Thirdly, effective IR must have a voice at the top table. Valuation is not best served by a disconnect between the decision-makers, be it the Board or Executive Committee, and the IR officer speaking to investors.
Fourthly and critically, a clear understanding of the so-called “IR product”. Importantly, the purpose of the IR function is not increasing the share price. Rather it is achieving the best valuation for a given financial and operational performance.
(The job of the IR Director) is to get the best valuation possible for a given level of financial and operational performance.”
– Fergus MacLeod, former Group Head of Strategy and Group Head of IR, BP plc
And fifthly, a clear link between the IR and Strategy functions. Strategy obviously is a key responsibility of the CEO that can only benefit from a keen understanding of the markets and how the market thinks about capital allocation.
Arguably there are a small number of companies globally that bring this degree of clarity and professionalism to IR today. Getting it right means that these five principles are understood in the Board room, the executive team and the IR function.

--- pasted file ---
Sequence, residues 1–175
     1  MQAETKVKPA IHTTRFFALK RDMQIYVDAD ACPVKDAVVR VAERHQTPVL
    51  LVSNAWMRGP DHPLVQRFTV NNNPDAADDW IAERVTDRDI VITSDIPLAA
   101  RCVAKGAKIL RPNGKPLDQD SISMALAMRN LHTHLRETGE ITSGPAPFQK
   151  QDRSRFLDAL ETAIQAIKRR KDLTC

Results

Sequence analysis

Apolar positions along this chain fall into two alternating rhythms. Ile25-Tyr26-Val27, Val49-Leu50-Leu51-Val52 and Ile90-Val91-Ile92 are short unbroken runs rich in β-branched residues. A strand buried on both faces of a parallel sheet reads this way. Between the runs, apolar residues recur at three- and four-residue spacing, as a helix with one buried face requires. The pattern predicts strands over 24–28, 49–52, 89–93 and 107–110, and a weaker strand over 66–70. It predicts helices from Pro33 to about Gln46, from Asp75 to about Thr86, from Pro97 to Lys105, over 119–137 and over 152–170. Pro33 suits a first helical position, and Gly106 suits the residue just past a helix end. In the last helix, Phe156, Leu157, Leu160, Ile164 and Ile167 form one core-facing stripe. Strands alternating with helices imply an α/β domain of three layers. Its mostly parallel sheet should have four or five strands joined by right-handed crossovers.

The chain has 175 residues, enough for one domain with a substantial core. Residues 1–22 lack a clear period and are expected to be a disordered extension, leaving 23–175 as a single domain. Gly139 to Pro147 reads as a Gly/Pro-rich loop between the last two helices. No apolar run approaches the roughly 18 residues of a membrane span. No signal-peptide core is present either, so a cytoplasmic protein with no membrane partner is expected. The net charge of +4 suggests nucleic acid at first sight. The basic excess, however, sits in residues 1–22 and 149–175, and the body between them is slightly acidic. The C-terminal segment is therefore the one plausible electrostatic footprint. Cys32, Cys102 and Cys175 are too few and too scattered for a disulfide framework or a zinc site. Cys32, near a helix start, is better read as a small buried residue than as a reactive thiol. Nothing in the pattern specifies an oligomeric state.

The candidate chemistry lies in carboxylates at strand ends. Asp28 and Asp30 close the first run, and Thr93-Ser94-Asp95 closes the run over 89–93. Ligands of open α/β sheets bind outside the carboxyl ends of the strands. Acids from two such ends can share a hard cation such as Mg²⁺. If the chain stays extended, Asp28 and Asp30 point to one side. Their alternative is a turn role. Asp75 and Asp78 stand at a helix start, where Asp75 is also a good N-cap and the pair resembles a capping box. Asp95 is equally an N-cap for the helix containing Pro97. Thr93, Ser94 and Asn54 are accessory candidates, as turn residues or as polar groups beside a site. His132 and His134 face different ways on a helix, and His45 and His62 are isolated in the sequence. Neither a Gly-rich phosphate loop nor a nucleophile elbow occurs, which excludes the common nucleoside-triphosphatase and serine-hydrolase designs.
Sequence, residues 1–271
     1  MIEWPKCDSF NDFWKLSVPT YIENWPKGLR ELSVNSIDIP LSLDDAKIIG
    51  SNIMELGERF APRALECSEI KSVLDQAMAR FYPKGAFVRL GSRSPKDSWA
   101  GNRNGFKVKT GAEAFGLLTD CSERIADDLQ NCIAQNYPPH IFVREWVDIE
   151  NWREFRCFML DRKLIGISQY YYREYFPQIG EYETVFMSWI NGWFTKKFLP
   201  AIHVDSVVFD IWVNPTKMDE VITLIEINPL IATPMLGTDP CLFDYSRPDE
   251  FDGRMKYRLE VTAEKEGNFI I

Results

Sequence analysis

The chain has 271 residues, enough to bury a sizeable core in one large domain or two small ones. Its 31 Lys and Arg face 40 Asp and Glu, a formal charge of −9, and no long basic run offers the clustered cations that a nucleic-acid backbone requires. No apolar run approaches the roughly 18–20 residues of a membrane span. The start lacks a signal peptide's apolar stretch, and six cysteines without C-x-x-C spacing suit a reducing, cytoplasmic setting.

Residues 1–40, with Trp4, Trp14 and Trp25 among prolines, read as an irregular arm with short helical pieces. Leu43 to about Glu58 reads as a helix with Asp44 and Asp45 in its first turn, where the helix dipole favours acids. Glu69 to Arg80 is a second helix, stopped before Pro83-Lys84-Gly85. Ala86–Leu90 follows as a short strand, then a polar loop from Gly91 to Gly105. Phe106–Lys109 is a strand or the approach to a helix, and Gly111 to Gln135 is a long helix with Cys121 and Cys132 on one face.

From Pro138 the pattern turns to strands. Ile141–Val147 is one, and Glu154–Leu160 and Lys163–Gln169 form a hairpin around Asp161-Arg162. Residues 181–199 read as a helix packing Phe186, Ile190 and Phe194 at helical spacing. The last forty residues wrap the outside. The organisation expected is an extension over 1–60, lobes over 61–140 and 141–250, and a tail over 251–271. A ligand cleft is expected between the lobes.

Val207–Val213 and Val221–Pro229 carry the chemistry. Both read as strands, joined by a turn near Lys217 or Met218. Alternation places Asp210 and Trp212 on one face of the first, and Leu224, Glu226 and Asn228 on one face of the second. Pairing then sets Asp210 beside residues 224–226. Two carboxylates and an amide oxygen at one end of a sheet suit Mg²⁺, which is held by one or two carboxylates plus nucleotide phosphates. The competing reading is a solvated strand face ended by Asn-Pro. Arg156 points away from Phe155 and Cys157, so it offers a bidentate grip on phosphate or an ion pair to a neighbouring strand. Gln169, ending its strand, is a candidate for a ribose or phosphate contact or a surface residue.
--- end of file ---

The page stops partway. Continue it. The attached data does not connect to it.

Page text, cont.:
But the world doesn’t stand still and the bar is being raised. The two institutional investors on our panel described their respective investment processes. Risk aversion remains high and it became clear why many companies are increasingly looking beyond the traditional sources of capital.
Sovereign Wealth Funds, Private Equity and Retail Investors
Our panel and audience concluded pragmatically that corporates would do well to help themselves by ensuring access to diversified pools of capital. This included developing long-term relationships with providers of capital in different geographic markets often over a number of years. Fidelio has previously commented that German corporates have proved most systematic and long-term in achieving this, including in China.